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Cogs getting real boost from coach Foster’s Aggression club program

Published: Tuesday, Aug. 26, 2014 10:13 p.m. CST • Updated: Tuesday, Aug. 26, 2014 10:18 p.m. CST
Caption
Danielle Guerra - dguerra@shawmedia.com The 2014 Genoa-Kingston volleyball team practices their team match entrance during practice in the school's gym on Thursday, August 21, 2014.

GENOA – When Keith Foster took over as Genoa-Kingston volleyball coach before the 2010 season, he wanted to create a new atmosphere.

Foster knew part of that was building a foundation from the ground up.

Knowing this, Foster started Aggression, a volleyball club for third- through eighth-graders based out of Genoa. The club was affordable, and players didn’t have to travel out of town to get the club experience.

Now, Foster and the rest of the program are really starting to see Aggression playing out at the high school level, and Foster said he thinks his Cogs are in for a big season in 2014.

“Every single year we continually see more talent, stronger experience,” Foster said. “And when I first showed up, kids in stressful moments would resort to old habits, and the old habits were not my habits, and we struggled a little bit with that. And now the habits that I was working back to are ones they worked at four, five years ago in this program.

“It’s been a great opportunity. There’s a huge buzz around the school. People are excited about it, we think it’s going to be a strong season.”

Foster said that last season, when the Cogs finished 19-18 while playing in the strong Big Northern Conference, was the first year Aggression really started to pay off at the high school level, as Foster saw his team’s added depth. This year, the experienced Cogs should be deep as well.

“[Aggression] was a lot of help, and it helped a lot, because we were from with the same team,” G-K junior Abbey Rasmussen said. “So it helped us work a lot better outside of the season, too.”

Where as in the past, the Cogs’ players had little club experience coming into the season, now it’s something that’s plentiful among the roster, and players will go on to different clubs and get experience when they get into high school.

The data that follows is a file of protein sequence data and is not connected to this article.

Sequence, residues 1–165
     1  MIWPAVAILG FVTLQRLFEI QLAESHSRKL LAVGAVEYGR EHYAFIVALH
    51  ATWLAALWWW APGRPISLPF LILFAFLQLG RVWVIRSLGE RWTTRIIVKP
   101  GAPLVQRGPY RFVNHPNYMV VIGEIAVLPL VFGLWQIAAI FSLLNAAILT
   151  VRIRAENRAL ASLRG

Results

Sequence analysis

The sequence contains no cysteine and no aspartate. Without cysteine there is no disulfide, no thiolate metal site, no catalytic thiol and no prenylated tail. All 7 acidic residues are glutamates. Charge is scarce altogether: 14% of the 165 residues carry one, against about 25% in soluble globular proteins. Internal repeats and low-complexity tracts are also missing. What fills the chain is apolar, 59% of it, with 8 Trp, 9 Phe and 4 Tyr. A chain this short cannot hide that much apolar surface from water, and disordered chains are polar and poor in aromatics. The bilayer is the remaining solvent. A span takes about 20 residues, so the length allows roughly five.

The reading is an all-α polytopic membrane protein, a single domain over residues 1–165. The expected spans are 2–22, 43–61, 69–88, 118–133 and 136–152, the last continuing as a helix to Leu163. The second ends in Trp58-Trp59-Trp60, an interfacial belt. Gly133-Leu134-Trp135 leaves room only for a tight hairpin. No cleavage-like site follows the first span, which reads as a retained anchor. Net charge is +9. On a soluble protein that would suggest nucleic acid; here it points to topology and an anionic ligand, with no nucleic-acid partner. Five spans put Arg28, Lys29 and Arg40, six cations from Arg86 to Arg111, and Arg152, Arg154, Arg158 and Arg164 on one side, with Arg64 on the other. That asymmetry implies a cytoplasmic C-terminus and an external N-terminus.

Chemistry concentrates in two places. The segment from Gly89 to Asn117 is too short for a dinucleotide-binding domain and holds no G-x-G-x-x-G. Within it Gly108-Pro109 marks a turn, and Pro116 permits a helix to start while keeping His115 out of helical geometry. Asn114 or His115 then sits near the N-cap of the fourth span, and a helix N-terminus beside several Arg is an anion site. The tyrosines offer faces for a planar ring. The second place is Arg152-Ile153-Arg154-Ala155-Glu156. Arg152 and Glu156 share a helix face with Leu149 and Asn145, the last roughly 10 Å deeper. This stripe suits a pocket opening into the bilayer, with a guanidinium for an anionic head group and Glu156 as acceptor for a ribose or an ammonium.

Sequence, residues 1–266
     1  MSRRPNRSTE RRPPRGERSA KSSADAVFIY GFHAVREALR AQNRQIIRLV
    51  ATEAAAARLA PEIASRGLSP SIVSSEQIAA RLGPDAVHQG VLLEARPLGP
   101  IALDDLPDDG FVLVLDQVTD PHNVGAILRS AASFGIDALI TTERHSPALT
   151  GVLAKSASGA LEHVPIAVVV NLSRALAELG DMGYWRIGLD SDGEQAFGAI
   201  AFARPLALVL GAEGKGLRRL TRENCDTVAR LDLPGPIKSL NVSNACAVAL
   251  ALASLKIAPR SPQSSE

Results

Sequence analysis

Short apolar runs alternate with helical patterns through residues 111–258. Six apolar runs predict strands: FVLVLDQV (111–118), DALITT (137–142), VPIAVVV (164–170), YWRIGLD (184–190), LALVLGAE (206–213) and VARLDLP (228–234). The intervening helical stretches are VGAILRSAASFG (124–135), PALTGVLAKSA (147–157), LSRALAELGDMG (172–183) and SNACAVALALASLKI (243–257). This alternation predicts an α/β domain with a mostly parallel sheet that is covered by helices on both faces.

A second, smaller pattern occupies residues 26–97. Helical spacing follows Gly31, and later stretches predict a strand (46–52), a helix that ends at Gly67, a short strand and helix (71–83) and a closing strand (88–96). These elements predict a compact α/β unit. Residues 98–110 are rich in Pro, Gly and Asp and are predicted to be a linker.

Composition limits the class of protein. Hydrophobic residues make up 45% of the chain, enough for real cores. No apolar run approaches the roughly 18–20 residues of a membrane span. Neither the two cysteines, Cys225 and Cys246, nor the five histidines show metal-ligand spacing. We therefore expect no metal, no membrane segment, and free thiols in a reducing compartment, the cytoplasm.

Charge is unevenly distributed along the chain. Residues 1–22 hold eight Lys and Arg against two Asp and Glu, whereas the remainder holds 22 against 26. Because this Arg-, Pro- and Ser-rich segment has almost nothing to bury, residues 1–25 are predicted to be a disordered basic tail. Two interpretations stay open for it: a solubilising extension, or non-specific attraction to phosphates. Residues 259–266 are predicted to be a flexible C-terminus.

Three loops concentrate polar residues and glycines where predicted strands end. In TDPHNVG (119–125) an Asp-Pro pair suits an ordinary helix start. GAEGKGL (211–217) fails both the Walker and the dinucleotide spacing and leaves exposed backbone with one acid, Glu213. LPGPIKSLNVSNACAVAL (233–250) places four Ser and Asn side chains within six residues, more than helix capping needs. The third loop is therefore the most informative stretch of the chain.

“A lot of people are taking more time,” Cogs junior Erika Hansel said. “Even when school season isn’t going on, we’re all training with different clubs and programs and stuff.”

At the lower levels, the talent level is looking up, as well. Foster said 48 middle schoolers showed up at tryouts this year, most of whom the staff was familiar with thanks to Aggression.

Foster said one reason for the success of the club, which in turn leads to success on the varsity level, is because of the affordability of it.

“Administration here is doing a real service ... to the club and the volleyball program by not charging for facilities,” Foster said. “We keep the costs way down and they’re getting the same experience they would at a different club for a fifth of the costs.”

Foster said this team is the most talented one he’s had at G-K. The players have started to see a better atmosphere around school, as well.

“The beginning of my sophomore year we had maybe 15 fans, and then we jump into my junior year and the stands were filled,” Cogs senior setter Breea Rogalla said. “Everyone was so vibrant and excited about coming to see us play, and I feel like that energy has transferred over into this year. It’s really exciting to see the school supporting us in such an amazing way.”

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